2.3 Methods of Analysis
To analyze what was on the doctors' and patients' minds when they narrated meaningful experiences, we employed conventional content analysis . To analyze how the family doctor and her patients performed diverse discursive actions interactively in the SCMC, we used institutional conversation analysis, which has been influential in medicine and psychology [11,25]. To enhance trustworthiness , we employed researchers ‘Data and method triangulation’. The first and third procedures enabled us (a family doctor running the clinic, a discourse analyst, and a psychologist) to discuss the findings and their interpretations and reach agreement . The second procedure provided us with two data sources related to the aim of the study. In addition, frequencies were computed for the patients' satisfaction with SCMC, and for their reasons for using this service.
Analysis of the stories showed that the patients unfolded personal stories (Appendix 1)
While I was on a trip to South America, I needed help for a medical problem I had.
I used the internet to communicate with my family doctor and she helped me solve the problem.
Thanks to her, I could continue the trip.
I think that using the internet for communication is very useful.
And it eliminates the need to visit the doctor in an emergency or wait a long time for an
I use the internet services a lot to communicate with my family doctor and I'm very pleased that such a possibility exists.
Appendix 1: Patient’s story (female, age 31).
Although I don't have a specific case, the service is very helpful.
Students who spend a few days each week in another region turn to me for
Prescriptions, medical tests, and consultations.
It enables them to receive ongoing medical service from the same family doctor
The conversation is documented, and in cases where I refuse to give a prescription and require a blood test or a blood pressure measurement, it is all documented.
Appendix 2: Family’s generic stories (Male, age 45; 14 years of experience).
Content analysis of the patients' stories for grounded the following themes: SCMC is more efficient, saves time, simplifies procedures, and overcomes geographical distances. Patients are satisfied with the immediacy of the doctors ‘responses and explanations of medical tests as well as with referral to other doctors-particularly in emergency situations.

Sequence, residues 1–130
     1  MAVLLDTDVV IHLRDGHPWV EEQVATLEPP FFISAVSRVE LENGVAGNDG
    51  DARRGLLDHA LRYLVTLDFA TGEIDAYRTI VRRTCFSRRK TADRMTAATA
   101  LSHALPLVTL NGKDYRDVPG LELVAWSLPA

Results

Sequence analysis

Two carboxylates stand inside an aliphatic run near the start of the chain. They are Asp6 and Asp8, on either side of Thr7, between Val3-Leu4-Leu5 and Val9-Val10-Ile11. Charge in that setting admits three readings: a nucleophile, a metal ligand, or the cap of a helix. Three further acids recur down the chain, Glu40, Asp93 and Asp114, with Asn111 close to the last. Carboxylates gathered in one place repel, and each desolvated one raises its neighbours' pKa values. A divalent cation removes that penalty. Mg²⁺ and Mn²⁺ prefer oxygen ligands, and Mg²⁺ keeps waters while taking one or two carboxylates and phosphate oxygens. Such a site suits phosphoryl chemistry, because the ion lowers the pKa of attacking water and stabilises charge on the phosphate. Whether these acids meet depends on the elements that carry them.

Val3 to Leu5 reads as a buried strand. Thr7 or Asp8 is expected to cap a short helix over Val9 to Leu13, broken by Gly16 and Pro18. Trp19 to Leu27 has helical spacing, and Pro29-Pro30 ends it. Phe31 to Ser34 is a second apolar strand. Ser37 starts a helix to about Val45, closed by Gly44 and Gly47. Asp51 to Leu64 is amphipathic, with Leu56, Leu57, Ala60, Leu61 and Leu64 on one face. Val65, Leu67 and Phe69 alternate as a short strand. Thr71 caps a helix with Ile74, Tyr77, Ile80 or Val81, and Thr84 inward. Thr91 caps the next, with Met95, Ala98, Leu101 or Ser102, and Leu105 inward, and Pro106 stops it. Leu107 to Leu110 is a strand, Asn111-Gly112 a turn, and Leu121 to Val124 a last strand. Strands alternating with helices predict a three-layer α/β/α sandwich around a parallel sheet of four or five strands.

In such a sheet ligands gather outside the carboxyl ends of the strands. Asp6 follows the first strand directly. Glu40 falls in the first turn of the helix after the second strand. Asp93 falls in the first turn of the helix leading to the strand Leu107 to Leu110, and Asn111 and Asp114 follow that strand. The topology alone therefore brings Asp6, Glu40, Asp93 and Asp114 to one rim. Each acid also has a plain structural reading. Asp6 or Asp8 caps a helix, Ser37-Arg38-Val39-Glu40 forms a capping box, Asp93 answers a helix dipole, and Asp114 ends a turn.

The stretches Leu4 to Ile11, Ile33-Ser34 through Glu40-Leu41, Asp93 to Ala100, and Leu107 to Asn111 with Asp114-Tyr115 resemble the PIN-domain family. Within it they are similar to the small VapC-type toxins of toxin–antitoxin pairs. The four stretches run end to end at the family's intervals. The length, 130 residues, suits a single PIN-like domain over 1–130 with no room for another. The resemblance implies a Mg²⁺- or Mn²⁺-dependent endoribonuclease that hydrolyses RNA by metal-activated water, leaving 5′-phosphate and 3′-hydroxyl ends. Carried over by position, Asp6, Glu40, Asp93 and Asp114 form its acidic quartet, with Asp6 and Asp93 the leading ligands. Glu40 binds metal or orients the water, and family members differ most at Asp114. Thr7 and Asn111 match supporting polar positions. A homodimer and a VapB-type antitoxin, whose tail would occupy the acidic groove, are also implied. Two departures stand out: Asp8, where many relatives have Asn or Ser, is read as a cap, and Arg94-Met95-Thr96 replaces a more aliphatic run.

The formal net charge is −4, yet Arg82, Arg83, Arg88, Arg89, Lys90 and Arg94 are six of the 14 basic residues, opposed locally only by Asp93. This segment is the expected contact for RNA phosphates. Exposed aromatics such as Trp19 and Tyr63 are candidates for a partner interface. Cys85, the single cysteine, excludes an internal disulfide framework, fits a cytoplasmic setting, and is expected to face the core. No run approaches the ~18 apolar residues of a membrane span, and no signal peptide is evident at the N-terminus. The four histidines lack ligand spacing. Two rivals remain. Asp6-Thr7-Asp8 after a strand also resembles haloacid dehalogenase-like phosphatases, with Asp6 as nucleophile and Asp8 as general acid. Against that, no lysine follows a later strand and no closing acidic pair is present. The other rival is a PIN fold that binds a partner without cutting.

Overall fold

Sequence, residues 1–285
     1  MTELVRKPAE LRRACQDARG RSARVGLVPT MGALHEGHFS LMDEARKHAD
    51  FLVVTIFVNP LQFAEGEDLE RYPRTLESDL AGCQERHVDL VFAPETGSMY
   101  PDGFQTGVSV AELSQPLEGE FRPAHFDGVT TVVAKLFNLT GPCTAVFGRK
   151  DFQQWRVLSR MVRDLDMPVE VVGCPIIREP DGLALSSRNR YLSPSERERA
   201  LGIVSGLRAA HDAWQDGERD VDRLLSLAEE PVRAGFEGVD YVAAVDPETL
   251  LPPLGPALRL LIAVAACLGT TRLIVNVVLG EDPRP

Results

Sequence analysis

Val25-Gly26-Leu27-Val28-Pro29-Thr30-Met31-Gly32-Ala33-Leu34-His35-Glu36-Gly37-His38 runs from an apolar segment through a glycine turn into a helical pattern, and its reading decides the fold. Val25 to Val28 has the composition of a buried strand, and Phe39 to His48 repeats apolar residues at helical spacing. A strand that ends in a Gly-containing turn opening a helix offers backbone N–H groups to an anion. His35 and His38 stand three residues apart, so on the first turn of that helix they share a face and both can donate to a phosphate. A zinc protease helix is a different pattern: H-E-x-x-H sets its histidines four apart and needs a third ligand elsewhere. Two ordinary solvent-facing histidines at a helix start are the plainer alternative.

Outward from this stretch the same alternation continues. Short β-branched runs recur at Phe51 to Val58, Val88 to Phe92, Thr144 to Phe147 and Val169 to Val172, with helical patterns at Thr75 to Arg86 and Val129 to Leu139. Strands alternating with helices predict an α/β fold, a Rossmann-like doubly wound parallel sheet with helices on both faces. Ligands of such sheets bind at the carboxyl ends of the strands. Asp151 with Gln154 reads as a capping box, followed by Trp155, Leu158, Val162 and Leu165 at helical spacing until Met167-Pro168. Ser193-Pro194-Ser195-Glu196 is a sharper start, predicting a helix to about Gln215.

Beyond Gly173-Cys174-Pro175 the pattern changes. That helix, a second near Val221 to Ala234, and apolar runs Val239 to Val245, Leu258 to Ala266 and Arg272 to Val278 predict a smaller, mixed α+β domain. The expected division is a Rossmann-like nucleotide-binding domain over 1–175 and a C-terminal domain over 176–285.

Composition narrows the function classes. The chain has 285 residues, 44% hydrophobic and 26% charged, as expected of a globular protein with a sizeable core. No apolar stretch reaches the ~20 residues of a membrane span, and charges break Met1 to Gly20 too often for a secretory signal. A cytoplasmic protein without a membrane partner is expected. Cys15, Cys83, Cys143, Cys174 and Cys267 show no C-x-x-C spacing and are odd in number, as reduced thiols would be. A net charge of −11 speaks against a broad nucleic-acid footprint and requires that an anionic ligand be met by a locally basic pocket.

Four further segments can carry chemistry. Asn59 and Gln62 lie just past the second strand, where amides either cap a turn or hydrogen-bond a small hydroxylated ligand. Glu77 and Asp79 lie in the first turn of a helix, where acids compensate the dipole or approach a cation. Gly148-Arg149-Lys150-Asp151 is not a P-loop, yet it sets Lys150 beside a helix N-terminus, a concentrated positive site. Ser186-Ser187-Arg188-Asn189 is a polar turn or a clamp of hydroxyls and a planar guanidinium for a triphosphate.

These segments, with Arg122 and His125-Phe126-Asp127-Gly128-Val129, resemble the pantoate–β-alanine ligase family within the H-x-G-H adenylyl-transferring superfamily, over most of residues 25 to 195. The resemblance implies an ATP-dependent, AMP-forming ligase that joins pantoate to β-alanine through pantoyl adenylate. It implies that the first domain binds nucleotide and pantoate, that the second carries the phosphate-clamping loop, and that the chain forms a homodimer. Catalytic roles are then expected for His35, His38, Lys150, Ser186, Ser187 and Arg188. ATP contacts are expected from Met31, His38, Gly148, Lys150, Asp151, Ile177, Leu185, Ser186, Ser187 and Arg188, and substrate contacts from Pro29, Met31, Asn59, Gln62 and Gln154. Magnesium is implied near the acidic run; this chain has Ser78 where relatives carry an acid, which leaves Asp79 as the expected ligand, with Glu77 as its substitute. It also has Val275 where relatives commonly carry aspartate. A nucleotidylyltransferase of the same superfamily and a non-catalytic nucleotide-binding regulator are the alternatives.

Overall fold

The doctors stressed that the service is efficient, convenient, and time-saving, thereby enabling them to allocate time resources to other urgent cases. It also permits detailed documentation. In urgent, complex cases, however, face-to-face encounters are irreplaceable.
Analysis of the interactive data shows that most computer-mediated encounters were dyadic, request‒response exchanges. Turn-by-turn analysis yielded the interactive dimensions of this SCMC. The discursive actions performed by patients comprised requests (i.e., assistance in emergency situations, prescriptions for oneself or a relative, doctor's certificates, explanations of and additional information about a certain topic, referrals to other doctors) and expressions of gratitude and emotions. There were also requests for assistance in emergency situations.
The doctor's interactive responses demonstrate that she managed to overcome the word limit and relate to the patients' requests, constantly display empathy and understanding of their emotions, and construct relevant elements of medical knowledge (Appendix 3).
Hi Dr. B.,
My blood tests are back and I see that my TSH is high. Could you please go over them?
I'd like to get some information about my condition.
Thank you and have a nice day,
Your thyroid is abnormal for the first time, so we will repeat the test in a month and decide what to do at that point.